Hartpury student Anna Goddard will cap a whirlwind two years with a World Cup spot as her England touch rugby team travel Down Under.
Goddard, 17, has represented England Women’s Under-18s touch side before, despite having only picked up the sport a short time ago. She will be making her debut as part of the senior set-up though at the World Cup event held in Australia at the end of April.
“I never imagined myself playing touch at this level,” the scrum-half said. “It’s all come around very fast since my very first session back in Cambridge.
“I was at college and my PE teacher played for England and she told me go along and play for my local side. I wasn’t sure at first but she told me it would be good for the development of my rugby union game. From there, she got me involved with the Under-18s and I got the chance to play at the European Championships, which was a great experience.”
The A-level student will be looking to follow in the footsteps of England women’s rugby stars Alex Matthews, Ceri Large, Natasha Hunt and Danielle Waterman and become the next women’s rugby starlet from Hartpury to win a World Cup competition.
And she will be looking to go one better at the tournament than when her Under-18s side lost out to Wales in the final of last year’s European Championships. This is the 17-year-old’s first time as part of the senior set-up and she’s really noticed the step up in class.
She added: “Being part of the women’s set-up for the first time is going to be of huge benefit to me – the standard is even higher and I’ve already learned so much from some of the more experienced players I’m playing with.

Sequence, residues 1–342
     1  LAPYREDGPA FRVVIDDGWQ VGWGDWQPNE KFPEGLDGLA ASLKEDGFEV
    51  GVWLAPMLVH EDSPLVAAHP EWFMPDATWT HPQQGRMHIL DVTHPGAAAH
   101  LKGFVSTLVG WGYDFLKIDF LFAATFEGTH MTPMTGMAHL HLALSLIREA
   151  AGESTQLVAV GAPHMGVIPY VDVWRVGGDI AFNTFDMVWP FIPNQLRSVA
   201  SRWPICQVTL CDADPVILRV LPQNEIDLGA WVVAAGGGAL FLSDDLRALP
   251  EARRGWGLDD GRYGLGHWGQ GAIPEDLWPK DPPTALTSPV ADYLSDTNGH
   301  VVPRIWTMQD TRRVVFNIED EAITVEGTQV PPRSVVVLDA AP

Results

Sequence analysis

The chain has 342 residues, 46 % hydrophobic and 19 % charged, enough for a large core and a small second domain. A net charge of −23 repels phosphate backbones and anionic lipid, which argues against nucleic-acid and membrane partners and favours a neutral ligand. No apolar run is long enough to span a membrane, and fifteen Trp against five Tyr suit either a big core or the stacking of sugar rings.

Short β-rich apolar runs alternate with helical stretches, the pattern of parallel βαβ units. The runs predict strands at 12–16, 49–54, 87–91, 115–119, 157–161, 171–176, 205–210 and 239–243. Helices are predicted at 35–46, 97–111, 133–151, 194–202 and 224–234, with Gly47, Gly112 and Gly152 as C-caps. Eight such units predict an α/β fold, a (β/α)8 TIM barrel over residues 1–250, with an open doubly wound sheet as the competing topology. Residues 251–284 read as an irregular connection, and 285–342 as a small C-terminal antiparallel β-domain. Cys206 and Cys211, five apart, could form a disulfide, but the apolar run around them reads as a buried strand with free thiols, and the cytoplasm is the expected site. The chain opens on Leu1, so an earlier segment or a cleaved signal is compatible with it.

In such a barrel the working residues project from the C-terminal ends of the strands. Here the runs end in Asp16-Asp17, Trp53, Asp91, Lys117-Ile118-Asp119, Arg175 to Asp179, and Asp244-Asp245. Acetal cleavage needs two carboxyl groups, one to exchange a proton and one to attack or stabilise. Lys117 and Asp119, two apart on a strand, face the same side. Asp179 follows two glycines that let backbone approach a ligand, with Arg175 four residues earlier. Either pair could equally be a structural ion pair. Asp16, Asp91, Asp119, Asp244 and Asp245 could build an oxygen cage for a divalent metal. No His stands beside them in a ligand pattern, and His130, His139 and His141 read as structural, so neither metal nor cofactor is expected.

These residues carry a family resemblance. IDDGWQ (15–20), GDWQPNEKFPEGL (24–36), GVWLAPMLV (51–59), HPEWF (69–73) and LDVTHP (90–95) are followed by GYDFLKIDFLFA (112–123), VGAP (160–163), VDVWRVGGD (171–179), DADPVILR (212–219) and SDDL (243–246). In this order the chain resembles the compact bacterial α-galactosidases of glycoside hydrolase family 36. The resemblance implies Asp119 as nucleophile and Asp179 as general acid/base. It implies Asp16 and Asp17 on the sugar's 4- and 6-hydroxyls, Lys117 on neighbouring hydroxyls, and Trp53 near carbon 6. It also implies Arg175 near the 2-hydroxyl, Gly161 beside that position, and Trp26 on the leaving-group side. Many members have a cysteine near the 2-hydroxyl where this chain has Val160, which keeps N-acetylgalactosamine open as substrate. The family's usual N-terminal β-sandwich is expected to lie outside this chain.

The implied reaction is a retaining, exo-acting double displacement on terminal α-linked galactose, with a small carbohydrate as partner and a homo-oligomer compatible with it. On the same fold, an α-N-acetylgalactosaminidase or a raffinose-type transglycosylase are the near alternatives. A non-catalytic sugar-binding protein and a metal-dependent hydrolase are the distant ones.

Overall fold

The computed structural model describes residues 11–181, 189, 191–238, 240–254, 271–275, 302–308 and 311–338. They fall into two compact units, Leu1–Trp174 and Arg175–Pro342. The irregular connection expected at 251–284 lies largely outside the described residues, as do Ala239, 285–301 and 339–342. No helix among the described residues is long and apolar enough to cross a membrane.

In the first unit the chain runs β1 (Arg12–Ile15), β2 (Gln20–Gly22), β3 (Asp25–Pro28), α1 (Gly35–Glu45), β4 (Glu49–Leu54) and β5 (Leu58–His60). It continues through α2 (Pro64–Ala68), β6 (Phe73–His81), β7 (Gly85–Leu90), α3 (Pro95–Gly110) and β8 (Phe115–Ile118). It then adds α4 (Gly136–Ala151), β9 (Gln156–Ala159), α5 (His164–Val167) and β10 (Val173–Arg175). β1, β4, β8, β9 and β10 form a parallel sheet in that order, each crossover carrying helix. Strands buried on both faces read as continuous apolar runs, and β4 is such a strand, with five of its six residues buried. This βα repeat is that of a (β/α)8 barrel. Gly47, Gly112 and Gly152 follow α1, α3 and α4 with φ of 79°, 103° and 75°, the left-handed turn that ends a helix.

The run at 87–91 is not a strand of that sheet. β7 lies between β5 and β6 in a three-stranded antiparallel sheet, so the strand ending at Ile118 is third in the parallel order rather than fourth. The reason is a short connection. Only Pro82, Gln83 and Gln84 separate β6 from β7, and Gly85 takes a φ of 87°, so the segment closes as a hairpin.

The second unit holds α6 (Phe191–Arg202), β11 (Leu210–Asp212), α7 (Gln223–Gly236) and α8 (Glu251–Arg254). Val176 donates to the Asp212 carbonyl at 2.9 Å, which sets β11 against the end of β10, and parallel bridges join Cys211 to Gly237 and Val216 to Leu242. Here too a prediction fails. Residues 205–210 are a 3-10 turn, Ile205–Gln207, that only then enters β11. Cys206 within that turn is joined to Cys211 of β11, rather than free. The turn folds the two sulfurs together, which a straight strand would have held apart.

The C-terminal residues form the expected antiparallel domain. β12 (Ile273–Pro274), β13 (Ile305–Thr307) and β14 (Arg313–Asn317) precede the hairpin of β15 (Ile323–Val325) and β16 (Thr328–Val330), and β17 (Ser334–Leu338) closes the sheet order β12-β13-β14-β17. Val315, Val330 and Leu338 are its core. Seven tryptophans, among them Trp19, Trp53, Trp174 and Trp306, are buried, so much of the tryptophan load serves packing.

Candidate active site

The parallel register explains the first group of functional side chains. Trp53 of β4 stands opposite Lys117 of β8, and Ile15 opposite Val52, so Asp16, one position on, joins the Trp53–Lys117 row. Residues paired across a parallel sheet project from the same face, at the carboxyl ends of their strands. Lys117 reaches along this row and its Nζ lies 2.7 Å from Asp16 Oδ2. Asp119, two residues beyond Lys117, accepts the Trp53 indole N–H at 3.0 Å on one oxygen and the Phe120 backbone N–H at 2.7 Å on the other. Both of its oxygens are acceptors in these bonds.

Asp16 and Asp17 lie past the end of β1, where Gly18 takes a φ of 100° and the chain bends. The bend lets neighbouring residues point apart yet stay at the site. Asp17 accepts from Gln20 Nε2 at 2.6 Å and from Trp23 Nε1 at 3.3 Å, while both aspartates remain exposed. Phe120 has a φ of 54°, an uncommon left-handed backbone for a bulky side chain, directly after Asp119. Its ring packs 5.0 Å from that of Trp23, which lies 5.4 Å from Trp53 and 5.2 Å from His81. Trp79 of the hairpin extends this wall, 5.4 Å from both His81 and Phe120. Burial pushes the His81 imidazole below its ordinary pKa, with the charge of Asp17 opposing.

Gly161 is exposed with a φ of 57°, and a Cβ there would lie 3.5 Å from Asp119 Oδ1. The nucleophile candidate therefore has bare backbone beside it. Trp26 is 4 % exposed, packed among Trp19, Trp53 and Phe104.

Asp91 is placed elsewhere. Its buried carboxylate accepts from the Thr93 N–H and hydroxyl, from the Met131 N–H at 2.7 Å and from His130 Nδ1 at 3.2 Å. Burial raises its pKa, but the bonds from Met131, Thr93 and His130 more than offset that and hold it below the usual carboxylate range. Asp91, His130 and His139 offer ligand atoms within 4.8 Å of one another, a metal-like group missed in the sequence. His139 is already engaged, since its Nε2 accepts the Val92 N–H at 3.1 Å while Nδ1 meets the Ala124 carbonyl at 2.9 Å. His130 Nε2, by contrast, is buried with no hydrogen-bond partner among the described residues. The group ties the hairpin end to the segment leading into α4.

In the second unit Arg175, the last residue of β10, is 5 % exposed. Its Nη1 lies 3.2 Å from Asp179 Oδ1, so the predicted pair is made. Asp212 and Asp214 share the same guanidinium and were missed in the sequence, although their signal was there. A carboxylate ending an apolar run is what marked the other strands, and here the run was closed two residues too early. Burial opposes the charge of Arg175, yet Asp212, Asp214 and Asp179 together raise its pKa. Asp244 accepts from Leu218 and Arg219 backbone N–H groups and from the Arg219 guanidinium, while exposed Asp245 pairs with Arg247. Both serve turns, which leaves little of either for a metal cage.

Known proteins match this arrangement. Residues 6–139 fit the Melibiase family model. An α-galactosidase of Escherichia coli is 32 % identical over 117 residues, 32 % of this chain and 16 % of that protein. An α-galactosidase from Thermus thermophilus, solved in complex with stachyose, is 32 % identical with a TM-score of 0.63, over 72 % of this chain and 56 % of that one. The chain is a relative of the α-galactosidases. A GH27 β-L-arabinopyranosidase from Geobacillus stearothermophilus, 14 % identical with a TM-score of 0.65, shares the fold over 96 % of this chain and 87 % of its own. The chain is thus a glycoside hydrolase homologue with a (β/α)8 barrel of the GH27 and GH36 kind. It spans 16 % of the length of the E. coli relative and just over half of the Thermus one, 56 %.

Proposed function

“My decision-making has improved as well as my passing and communication; something which has been really helpful as a scrum-half.”
Tournament hosts Australia have dominated the world of touch for more than two decades. Both the women’s and men’s open events have been won by Australia at every opportunity since the tournament started.
“If you’re going to go anywhere for a Touch World Cup, Australia is the place to go – the sport is huge over there and they have some of the best teams in the world,” said Anna.
“I’m hoping that I’ll learn a lot about the game from being there which I can take forward in my future development. For any young player, this is an incredible opportunity.
Goddard, who is part of the women’s rugby AASE academy at Hartpury, has found that the newer format of the game is helping her improve her skills in the 15-a-side format.
“The game is a lot tougher on your fitness than 15s due to the sheer amount of running involved,” she added. But at the same time there are a lot of transferrable skills like passing, movement and footwork which transition well between the two games.
“I would love to carry on playing both forms of the game moving forward. Being involved in touch has helped improve my rugby skills massively and I just want to continue to get better.”